Relatively new legislation has framed bankruptcy to limit the amount of Chapter 7 bankruptcy filings. This is controlled by restricting Chapter 7 bankruptcy to only people that fall under the median state income, when adjusted for inflation and family size. Individuals above the median household income can only file for Chapter 13 bankruptcy. The new laws further changed Chapter 13’s duration to a compulsory 3-5 year period.
Chapter 13 also has some advantages over Chapter 7. For example, most assets will not be liquidated in a Chapter 13, which is often a concern for those that are self-employed or running an unincorporated business. Chapter 13 debts must have unsecured debt that amounts to less than $336,900, and with secured debt that is up to a maximum of $1,010,650.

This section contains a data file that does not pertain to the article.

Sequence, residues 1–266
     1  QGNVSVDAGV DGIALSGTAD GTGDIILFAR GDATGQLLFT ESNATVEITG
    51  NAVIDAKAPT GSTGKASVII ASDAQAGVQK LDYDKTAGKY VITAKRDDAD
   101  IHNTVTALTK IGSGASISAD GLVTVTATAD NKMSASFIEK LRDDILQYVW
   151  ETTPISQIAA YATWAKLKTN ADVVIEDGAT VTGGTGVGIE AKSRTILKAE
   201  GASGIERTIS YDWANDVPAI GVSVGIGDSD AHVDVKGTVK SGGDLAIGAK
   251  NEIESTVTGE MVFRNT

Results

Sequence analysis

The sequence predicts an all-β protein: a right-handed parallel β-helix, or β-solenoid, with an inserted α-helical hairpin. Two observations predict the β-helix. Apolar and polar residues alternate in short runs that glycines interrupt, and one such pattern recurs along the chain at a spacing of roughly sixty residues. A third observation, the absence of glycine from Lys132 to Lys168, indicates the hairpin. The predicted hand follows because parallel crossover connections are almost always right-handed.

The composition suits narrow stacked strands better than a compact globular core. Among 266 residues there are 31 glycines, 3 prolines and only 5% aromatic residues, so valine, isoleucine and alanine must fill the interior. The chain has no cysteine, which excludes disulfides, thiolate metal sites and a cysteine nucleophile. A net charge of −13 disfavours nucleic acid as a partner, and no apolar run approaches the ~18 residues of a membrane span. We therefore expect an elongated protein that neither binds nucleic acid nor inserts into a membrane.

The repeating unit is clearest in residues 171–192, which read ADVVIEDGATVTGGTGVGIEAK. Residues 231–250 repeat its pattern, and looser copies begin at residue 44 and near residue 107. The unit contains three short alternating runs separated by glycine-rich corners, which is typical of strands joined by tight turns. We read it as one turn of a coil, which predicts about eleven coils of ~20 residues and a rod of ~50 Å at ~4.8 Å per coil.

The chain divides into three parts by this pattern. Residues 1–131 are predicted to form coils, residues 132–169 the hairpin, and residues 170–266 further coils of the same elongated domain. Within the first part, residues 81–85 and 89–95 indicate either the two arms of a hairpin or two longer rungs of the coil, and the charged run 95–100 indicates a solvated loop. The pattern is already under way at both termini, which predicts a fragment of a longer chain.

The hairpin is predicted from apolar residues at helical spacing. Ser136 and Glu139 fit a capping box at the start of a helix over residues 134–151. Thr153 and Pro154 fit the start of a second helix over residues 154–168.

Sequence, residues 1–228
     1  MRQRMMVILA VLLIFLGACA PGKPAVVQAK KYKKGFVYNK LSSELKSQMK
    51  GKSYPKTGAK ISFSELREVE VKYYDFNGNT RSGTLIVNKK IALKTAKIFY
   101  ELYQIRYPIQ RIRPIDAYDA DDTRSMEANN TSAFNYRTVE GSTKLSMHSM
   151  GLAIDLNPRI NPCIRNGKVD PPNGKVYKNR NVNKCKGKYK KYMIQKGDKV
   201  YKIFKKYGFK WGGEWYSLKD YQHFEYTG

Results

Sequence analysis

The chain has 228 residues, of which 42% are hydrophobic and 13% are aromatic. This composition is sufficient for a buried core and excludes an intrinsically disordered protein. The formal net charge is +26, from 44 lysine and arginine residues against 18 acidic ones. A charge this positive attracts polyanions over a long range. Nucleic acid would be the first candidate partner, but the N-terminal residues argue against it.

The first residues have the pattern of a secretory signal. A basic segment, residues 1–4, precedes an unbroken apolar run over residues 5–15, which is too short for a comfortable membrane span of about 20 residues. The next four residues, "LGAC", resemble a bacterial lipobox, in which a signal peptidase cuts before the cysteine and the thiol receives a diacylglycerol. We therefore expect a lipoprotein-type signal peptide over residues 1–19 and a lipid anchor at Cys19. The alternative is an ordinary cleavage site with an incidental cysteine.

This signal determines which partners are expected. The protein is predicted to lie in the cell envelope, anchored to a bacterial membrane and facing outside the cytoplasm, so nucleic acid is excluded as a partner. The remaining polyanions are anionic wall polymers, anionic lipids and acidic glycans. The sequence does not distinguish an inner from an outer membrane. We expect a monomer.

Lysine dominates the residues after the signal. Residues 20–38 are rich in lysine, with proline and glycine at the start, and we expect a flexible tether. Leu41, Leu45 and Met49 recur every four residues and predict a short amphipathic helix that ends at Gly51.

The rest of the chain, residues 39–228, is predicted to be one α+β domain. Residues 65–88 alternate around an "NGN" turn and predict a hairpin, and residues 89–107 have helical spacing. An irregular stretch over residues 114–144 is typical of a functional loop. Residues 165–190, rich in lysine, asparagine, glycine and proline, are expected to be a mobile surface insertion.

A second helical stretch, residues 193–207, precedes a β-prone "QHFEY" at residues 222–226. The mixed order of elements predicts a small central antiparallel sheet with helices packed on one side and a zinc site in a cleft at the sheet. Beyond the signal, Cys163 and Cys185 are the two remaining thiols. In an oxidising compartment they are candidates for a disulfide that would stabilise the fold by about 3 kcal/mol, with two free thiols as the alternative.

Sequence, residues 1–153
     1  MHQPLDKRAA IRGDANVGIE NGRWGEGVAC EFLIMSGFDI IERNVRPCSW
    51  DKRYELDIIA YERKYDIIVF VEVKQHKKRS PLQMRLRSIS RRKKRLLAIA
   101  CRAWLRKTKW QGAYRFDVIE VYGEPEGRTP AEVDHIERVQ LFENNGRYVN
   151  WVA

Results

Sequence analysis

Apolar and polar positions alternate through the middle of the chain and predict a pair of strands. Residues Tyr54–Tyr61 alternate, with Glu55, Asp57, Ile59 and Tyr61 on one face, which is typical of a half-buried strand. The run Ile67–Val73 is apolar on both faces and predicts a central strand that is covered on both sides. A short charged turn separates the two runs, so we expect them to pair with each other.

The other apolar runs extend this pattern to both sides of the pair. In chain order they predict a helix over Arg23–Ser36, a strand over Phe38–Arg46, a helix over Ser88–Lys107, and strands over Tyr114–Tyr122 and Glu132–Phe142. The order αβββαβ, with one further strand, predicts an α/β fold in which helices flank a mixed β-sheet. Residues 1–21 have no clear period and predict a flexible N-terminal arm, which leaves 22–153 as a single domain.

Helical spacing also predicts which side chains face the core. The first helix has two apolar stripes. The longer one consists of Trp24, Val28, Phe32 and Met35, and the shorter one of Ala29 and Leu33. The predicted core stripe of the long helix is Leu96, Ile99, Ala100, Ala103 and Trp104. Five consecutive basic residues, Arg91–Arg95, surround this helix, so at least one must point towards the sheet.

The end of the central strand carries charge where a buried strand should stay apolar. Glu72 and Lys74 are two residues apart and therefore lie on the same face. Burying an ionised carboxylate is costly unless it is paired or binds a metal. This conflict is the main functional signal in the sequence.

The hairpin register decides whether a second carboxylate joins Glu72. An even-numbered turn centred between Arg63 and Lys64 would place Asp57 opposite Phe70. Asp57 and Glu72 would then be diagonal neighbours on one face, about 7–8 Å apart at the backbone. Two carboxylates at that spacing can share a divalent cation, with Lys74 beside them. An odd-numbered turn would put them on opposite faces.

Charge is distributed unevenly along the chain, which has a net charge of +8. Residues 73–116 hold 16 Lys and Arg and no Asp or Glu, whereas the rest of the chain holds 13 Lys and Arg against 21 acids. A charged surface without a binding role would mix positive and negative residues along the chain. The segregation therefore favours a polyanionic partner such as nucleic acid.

Unlike a Chapter 7, a Chapter 13 bankruptcy requires the debtor to pay back a portion of their debts over a 3 to 5 year period. The amount of debt that needs to be paid back is often drastically reduced, often to just pennies on the dollar. The amount of payback is based on a number of factors, such as income, living expenses, protected assets, types and total amount of debt.
If you’re struggling to pay down debts, you may want to consult with a bankruptcy attorney. Most consultations are completely free and require no obligation. Although the process seems complicated, a bankruptcy lawyer can help you to understand how bankruptcy really works, and also explain the pros and cons of your alternatives.
Lincoln Law has focused on bankruptcy for over a decade. Every day, we aid people in writing off debts ranging from $5,000 to $1,000,000. If you’d like to explore your options and learn more about Chapter 7 and 13, contact the bankruptcy team at Lincoln Law at 800-404-0018 for a free consultation.